The first house we stopped at was Maria's house, a young mother who was recently abandoned by her husband.  Upon entering Maria's modest wooden home, she immediately handed me her two-week old baby girl, beaming with pride.  She left to tend to something in the kitchen, leaving me standing in her living room with the most beautiful baby I've ever seen (I'd never before held such a recent newborn).  This little girl, who Maria had not yet named, weighed about as much as a bag of cottonballs, and immediately dozed off in my arms.  Maria, who looked to be about 15 years old, returned and told me, via Estela, that her husband had run off with another woman, abandoning her with the baby and leaving her with almost nothing and no real way to make money.  Meanwhile my gaze was permanently affixed to this tiny thing in my arms, this tiny life with what already looked like a very difficult future, and I couldn't help but tear up.  Estela thought it time to go, so I reluctantly handed the baby back to her mother and on we went to the next house.  On the way a few other women from the women's group met up with us in the road, toting bags of sugar and cans of juice.  We left the road and climbed the steep muddy embankment that led us to the modest shack of Margarita and her family.  I was led into a small room in the back of the house where Margarita lay on her deathbed, a wooden bed frame with only a small straw mat as a mattress.  Hanging from a ceiling beam was a makeshift IV delivering her fluids through a vein in her wrist.  She was covered in a few ratty blankets, with an old shirt covering her face.  Only her arm with the IV was exposed.  Lining the walls of the small room sat several women from the community.  Nobody spoke.  Margarita's brother approached me to tell me her story.  Eight years ago she had a small bump form under her eye.  Over time the bump grew larger and larger until the entire side of her face was swollen.  She sought medical care and was sent to Antigua and diagnosed with cancer.  The doctors said that they would operate and remove the tumor, but only after she received seven treatments of chemotherapy, each which would cost her Q800.  Unable to pay for the chemotherapy, she returned home untreated.  The tumor progressed and now covers both sides of her face, making it nearly impossible for her to see, speak, eat, or drink.  She's ashamed of how she looks so she stays in, covers her face when visitors call.  With nothing else to do, the family much watch her slowly deteriorate.  She is 45 years old, with two young daughters.  Her husband later told me that they've spent thousands of quetzales on doctors' visits and traditional healers.  Neither daughter will attend school this year due to lack of money.  The women who accompanied Estela and I gave their bags of sugar and juice to Margarita's husband as offerings to the family.  A prayer was said, and we left.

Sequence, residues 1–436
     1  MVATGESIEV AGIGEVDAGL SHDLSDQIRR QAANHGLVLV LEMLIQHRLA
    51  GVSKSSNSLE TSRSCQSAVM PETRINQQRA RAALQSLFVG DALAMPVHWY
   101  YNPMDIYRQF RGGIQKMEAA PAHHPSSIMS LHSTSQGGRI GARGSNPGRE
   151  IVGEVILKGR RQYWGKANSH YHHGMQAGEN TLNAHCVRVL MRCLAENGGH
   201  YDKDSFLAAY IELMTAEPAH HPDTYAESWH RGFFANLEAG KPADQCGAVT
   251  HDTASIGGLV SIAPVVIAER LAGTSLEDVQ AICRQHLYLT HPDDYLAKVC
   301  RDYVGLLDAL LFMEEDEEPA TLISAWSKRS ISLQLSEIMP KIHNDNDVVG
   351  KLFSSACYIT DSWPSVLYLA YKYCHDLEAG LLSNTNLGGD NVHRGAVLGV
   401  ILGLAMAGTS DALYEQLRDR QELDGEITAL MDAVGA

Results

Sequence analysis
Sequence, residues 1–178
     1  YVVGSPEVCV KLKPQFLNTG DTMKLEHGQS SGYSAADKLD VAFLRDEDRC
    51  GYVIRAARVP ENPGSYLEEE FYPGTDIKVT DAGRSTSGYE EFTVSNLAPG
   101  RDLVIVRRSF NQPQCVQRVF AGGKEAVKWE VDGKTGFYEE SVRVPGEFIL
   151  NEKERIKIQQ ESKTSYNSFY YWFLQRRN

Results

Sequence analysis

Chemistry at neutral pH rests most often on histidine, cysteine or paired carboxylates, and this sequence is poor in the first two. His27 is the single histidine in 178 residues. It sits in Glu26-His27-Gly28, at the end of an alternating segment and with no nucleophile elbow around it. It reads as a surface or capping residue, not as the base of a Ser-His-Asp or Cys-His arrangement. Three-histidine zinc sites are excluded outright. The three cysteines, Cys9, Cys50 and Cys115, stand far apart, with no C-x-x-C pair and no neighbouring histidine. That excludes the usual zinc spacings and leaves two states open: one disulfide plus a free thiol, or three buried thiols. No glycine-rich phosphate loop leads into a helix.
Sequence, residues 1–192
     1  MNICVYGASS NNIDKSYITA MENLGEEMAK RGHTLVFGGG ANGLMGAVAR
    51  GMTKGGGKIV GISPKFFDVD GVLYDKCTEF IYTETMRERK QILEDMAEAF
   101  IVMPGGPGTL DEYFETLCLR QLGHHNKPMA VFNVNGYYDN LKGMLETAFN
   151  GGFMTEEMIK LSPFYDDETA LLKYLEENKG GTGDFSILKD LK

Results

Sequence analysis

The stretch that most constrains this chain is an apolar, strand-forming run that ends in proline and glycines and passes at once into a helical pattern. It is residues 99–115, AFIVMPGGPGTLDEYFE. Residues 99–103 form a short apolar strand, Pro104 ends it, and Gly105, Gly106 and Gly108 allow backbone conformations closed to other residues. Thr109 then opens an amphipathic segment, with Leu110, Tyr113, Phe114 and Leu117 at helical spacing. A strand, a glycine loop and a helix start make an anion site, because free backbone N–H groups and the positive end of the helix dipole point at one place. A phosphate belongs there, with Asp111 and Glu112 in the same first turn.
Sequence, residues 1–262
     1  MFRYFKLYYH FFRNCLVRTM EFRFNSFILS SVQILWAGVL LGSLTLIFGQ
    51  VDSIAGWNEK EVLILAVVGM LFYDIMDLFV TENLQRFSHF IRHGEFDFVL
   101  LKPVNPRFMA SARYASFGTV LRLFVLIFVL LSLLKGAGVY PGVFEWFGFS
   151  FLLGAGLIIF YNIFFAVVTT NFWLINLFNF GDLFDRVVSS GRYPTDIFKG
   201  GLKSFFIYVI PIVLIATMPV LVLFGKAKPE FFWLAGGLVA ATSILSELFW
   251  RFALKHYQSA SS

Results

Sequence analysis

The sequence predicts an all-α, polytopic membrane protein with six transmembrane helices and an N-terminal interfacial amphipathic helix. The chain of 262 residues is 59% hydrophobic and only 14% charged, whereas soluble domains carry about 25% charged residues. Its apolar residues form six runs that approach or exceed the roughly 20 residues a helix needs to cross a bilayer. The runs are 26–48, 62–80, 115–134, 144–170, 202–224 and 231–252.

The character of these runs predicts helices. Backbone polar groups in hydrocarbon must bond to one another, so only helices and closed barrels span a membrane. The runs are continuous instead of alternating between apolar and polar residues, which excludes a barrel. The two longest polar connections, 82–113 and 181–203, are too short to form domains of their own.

I was in a daze after those visits.  It was around noon when I walked the half hour down to my house, and I immediately got in bed and slept for two hours.  I woke up feeling helpless, sad, and emotionally drained.  These moments weren't National Geographic Moments at all.  On the contrary.  Instead of painting a pretty picture of a far-off place with far-off customs and far-off problems, these people's hardships highlighted how their lives are indelibly linked to my own.  They made me stare the bleak, ugly reality of suffering--a suffering that is commonplace here--in the face.  Their problems are real, and their problems are now, and their problems are a direct result of their situations.  What if Margarita could have paid for her chemo treatments?  And Carolina could have found doctors to properly diagnose and care for her son?  And Maria could have stayed in school, learned a skill, and had children later in life?  I'm not sure what I can do to help Carolina, Maria and Margarita's families.  I'm not here to give hand-outs, after all.  I'm left feeling helpless and disheartened, ashamed that just yesterday I was complaining about a meeting being rescheduled, about the rainy weather.  These are the perspective-giving moments that really challenge me to maintain optimism and conviction in what we're doing here, wonder if it's enough, if it's enough to simply have shared these moments with these people, even if I can't work miracles.

Saturday, January 7, 2012

El Salvador

It's 2012.  Can't really say that I know where the time has gone, but here we are, me with a mere six months left in my PC service, and only one month left in my 24th year.

For New Year's I traveled to El Salvador with four fellow PCV's, two of whom are my neighbors down in Baja Verapaz.  The trip was graciously planned by one of the girls in the group, so I was happily along for the ride, and of course, the papusas.  Some journal entries from the trip:

December 28, Antigua, Guatemala:
Tonight we had dinner with Bethany, an RPCV from South Africa who is traveling through Guatemala with her husband, Mykel.  They were great, but most refreshing of all was her ongoing zeal and enthusiasm about her experiences as a PCV.  We all exchanged PC stories of crazy bus rides, cross-cultural mishaps and admin frustrations over a 2-for-1 sushi dinner.  At one point in the night--and this stuck with me--while Bethany was in the bathroom, one of us apologized to Mykel, saying that he must be bored stiff from hearing about Peace Corps all night long.  He replied, chuckling, "When we first met it was all she talked about for, like, six months. But it's been a while since, and it's really great to see her get talking about it again with you guys. I haven't seen her glow like this in a while."  This got me thinking, in spite of all the PC problems happening here in Central America, that my time here--the things that are right now my life, my work, my ups and downs, will soon enough become stories that I'll be telling for the rest of my life.